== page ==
• Financial/utility programs
  • Urban/rural interface
Yellow and red multifamily homes.
Color is used liberally on the multifamily homes in Okotoks.
Photo by Ernest J. Yanarella.
 
  

It proved to be the starting point for any appreciation of the ambitions of this sustainability plan. For a small town of 11,000 inhabitants, the MDP exhibits great sophistication and promise as a framework for community sustainability. It also sets targets to evaluate the success of the plan and to assay whether it is being properly implemented. Among the list of targets specified, two stand out:

1. Increasing the town's industrial/commercial assessment base to 22 percent of the total tax assessment at build-out to ensure, among other things, that the town's sustainability program can be adequately financed over the long term.

2. A goal of 30 percent non-traditional dwelling units to foster diversification of housing options that would allow single-parent families, unmarried individuals, senior citizens, and lower-income families and wage earners to find a place in the sustainable community of 2020 and beyond.

In partnership with the Municipal Development Plan, the Town of Okotoks’s Land-use Bylaws serve not only to fill out the details and implications of the municipal development blueprint, but also function as a set of land-use regulations and building restrictions. The Bylaws strengthen the hands of town planners and administrators in their effort to ensure that the "growth envelope" established by the cap on population would not be compromised by mounting population growth and commercial pressures.

Sign: Welcome to Okotoks, Inc., 1904, Pop. 11,664.
Photo by Ernest J. Yanarella.
  

Day One

I drove into Okotoks on Tuesday morning, August 9th, greeted by the signpost at the town entry way on Highway 2A. As I entered the town, I was surprised by the significant residential housing development apparent on the outskirts of Okotoks and the surrounding commercial sprawl of this small Alberta community of 15,000. Much of the housing stock was new or built within the last five years. Architecturally, it struck me as beautiful, energy-efficient, and largely free of the row upon row of ticky-tacky designs that folksinger Malvina Reynolds castigated in song and lyric. Even apartment complexes, rich in primary colors, were aesthetically pleasing.

The surrounding commercial landscape, on the other hand, was something else.

What seemed lacking was a noticeable land-use plan that would match the community's commitment to a no-growth policy once it builds out to the 25,000-30,000 population estimated to be the maximum carrying capacity of its water supply.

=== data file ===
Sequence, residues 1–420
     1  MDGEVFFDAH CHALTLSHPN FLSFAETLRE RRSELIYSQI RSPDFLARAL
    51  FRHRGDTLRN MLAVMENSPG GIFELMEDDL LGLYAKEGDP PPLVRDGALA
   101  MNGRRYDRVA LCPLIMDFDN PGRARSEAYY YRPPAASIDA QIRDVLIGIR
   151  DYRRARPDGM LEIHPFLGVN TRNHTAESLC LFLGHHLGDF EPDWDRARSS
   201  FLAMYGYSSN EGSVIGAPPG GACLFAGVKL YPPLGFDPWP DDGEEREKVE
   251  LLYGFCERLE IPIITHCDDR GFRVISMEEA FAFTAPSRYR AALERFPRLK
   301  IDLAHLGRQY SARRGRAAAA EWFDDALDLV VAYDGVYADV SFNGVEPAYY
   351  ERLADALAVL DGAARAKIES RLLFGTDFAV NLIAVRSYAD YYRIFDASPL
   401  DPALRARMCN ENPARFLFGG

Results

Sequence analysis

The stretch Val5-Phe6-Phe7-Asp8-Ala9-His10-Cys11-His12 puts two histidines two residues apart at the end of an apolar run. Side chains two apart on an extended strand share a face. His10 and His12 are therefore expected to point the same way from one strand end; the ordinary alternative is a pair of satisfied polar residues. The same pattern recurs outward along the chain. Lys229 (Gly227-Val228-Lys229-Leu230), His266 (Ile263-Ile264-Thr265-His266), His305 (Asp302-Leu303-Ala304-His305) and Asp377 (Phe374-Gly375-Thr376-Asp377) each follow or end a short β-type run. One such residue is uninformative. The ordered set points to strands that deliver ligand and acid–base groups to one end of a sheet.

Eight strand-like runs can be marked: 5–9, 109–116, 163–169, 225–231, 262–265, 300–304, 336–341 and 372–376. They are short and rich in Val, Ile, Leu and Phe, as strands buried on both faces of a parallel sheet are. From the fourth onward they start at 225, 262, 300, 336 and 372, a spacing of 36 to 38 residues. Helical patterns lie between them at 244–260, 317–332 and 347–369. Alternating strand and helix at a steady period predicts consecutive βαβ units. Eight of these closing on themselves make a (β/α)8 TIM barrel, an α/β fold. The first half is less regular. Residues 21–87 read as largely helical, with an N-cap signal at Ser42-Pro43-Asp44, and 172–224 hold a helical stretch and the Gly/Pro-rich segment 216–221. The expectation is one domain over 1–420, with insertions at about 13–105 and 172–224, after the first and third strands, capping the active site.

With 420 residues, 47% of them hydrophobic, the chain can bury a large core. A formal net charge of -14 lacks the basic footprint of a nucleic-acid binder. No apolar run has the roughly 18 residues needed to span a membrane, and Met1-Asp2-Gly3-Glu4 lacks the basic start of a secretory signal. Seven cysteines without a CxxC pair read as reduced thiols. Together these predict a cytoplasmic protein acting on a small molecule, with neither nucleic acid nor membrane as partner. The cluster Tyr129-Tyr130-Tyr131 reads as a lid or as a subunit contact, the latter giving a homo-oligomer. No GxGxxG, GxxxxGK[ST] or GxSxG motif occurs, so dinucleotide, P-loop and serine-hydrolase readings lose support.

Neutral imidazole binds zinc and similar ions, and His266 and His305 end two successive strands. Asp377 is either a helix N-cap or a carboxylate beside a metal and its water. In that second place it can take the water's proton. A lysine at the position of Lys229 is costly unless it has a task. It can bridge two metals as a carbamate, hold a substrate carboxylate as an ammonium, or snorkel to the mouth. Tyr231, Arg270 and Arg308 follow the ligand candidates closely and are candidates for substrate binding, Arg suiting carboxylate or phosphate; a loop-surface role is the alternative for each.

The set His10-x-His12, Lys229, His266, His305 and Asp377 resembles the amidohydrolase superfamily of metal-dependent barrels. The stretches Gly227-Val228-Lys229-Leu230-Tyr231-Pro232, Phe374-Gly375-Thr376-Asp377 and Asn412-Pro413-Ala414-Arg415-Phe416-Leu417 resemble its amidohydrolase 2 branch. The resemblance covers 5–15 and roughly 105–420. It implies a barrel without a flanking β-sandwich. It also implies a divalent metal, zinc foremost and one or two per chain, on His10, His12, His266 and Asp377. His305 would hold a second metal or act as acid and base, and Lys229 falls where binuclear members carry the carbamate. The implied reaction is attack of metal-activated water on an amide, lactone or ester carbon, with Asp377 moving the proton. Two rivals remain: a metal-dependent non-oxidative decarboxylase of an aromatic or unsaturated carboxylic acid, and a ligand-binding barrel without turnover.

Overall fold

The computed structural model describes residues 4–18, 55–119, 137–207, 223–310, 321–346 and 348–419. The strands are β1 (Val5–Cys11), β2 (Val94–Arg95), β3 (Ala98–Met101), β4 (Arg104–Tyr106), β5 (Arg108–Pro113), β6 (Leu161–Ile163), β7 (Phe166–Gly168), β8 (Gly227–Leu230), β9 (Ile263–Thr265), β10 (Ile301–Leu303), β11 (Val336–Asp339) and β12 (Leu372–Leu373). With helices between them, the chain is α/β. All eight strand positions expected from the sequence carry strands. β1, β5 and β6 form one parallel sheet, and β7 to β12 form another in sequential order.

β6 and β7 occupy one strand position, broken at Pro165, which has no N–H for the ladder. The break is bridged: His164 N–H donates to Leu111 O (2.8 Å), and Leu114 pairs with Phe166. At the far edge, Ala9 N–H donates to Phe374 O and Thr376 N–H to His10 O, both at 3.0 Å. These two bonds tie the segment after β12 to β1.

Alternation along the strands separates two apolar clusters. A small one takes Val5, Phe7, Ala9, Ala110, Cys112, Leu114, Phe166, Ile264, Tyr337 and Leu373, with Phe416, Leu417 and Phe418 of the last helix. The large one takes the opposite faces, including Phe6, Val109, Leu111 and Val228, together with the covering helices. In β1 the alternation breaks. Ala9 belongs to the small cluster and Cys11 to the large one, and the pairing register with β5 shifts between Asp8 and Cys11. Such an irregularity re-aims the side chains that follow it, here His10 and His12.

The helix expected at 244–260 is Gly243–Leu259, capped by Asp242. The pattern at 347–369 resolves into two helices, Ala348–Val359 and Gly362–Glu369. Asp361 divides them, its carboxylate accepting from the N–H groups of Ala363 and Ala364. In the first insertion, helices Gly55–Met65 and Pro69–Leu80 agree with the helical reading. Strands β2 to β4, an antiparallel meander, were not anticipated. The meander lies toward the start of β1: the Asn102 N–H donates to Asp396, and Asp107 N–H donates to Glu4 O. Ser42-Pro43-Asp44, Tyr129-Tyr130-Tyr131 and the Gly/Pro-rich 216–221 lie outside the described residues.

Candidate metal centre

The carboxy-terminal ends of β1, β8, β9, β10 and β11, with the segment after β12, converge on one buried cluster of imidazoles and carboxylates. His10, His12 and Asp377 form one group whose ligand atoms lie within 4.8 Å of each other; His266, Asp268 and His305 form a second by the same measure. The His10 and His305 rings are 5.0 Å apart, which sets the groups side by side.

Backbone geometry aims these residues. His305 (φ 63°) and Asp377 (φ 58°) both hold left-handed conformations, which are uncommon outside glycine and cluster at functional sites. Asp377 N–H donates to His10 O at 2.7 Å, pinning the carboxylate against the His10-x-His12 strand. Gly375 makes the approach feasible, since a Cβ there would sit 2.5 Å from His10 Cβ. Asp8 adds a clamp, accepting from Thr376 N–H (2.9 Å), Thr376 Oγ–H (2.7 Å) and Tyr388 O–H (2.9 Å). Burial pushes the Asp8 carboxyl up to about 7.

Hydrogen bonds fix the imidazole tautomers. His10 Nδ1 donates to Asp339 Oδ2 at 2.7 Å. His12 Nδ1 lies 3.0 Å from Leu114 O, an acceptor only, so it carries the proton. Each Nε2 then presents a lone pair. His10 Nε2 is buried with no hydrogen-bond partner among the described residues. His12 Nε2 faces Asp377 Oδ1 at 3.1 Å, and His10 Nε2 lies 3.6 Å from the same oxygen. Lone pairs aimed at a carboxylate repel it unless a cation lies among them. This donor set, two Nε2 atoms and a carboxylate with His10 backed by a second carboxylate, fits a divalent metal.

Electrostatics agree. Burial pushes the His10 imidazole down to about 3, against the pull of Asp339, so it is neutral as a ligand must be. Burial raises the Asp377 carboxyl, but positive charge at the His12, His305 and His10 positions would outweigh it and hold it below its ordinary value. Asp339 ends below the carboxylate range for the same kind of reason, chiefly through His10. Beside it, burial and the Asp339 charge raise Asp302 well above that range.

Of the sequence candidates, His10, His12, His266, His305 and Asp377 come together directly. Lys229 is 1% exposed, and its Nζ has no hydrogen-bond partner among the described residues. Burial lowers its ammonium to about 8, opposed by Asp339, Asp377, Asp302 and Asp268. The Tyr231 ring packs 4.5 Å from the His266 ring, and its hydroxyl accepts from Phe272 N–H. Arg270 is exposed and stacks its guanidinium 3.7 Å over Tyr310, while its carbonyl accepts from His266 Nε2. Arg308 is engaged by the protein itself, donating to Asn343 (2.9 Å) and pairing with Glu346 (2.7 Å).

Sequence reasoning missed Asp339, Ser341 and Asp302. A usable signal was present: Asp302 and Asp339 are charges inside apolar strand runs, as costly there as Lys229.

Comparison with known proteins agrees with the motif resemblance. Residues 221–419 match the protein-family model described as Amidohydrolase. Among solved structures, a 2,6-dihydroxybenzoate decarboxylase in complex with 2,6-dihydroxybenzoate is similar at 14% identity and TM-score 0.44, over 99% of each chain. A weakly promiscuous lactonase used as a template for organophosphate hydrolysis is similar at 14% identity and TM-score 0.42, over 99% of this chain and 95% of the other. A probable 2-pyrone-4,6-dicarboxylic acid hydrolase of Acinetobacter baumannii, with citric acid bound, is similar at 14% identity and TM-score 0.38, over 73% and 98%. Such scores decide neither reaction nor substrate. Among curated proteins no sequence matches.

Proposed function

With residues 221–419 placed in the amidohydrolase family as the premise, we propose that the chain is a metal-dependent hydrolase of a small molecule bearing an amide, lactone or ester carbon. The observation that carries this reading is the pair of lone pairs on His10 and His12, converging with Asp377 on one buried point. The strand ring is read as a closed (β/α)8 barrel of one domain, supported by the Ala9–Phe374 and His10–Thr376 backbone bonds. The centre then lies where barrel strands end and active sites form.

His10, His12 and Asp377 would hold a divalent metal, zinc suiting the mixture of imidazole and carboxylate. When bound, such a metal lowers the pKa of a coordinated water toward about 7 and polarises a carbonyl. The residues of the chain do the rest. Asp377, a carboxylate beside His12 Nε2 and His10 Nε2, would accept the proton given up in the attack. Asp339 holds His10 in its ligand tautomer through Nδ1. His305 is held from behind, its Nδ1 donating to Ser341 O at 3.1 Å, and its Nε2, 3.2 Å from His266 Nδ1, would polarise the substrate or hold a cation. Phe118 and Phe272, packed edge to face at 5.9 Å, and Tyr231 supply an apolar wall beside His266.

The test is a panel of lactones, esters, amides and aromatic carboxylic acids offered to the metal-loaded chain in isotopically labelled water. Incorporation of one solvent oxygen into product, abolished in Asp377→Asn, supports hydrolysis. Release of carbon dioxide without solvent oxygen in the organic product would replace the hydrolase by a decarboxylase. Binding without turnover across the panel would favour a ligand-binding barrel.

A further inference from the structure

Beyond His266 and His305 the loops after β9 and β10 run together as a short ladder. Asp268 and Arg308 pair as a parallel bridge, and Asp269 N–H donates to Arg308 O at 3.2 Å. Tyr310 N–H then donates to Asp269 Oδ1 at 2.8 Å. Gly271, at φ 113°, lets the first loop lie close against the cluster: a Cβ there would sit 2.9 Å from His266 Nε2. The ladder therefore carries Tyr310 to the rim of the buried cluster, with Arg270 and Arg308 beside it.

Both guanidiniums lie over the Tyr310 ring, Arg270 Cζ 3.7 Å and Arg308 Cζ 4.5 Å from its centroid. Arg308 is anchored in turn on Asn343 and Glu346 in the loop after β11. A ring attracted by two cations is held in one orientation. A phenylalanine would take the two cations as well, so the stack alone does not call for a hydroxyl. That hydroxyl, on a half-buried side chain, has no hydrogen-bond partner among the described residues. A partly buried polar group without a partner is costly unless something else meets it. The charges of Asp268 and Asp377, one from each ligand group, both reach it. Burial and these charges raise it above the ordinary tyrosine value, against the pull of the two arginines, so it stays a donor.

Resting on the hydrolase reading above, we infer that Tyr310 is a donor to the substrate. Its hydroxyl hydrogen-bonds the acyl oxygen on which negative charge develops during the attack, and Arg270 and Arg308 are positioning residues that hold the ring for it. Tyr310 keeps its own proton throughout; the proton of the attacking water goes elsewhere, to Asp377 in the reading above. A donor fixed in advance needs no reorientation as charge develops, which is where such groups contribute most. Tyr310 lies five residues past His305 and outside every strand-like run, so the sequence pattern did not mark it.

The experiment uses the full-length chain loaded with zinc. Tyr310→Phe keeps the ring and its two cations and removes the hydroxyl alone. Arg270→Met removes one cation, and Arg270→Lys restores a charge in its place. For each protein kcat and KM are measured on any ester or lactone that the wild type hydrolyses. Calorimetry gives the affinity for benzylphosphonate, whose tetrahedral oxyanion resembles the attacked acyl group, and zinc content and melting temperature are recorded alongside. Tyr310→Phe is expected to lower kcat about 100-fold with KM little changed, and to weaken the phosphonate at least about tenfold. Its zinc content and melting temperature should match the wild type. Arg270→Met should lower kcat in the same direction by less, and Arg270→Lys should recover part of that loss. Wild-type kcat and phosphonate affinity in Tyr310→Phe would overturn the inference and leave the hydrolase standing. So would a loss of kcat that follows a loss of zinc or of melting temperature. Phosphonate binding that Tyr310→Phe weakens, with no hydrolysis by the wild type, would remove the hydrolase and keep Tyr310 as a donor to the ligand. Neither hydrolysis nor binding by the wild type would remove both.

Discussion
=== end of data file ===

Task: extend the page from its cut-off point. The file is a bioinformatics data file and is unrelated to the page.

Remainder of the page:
Then I tried to find downtown Okotoks. Driving into the town, I was urged by road signs along Highway 2A to "experience downtown." That proved no mean feat. As Highway 2A morphed into Northridge and then Southridge Drive, I had real problems finding the historic downtown. It took two local citizens—one a Tim Horton's employee, the other literally a soccer mom—to offer directions that accurately took me to the town "center."

Fastfood restaurants at the edge of town.
Fast food restaurants at the edge of town.
Photo by Ernest J. Yanarella.
 
  

Once there it took 5-10 minutes to track down the Town of Okotoks offices and the community's library. I learned from Alyssa Berry, the new corporate communications officer, that during June 2005 Okotoks had suffered three floods of the Sheep River along the downtown's Elizabeth Street and Riverside Drive and South Railway Street that damaged its underground sewer line below the river. As a result, fairly extensive—and expensive—repairs were underway.

Meanwhile, I was told, a major upgrade of the Okotoks wastewater treatment facilities at the end of the downtown area was taking place. This wastewater enhancement was being performed through a partnership between the local government and EPCOR, a private firm that would take over management of the community's wastewater operations once improvements were completed. Ms. Berry also informed me of Drake Landing, the first completely solar residential development in Canada that was being constructed northeast of town, along 32nd Street. Along with the recycling center, those two sites were on my docket for afternoon stops.

Town of Okotoks historic building.
Town of Okotoks hostoric town offices.
Photo by Ernest J. Yanarella.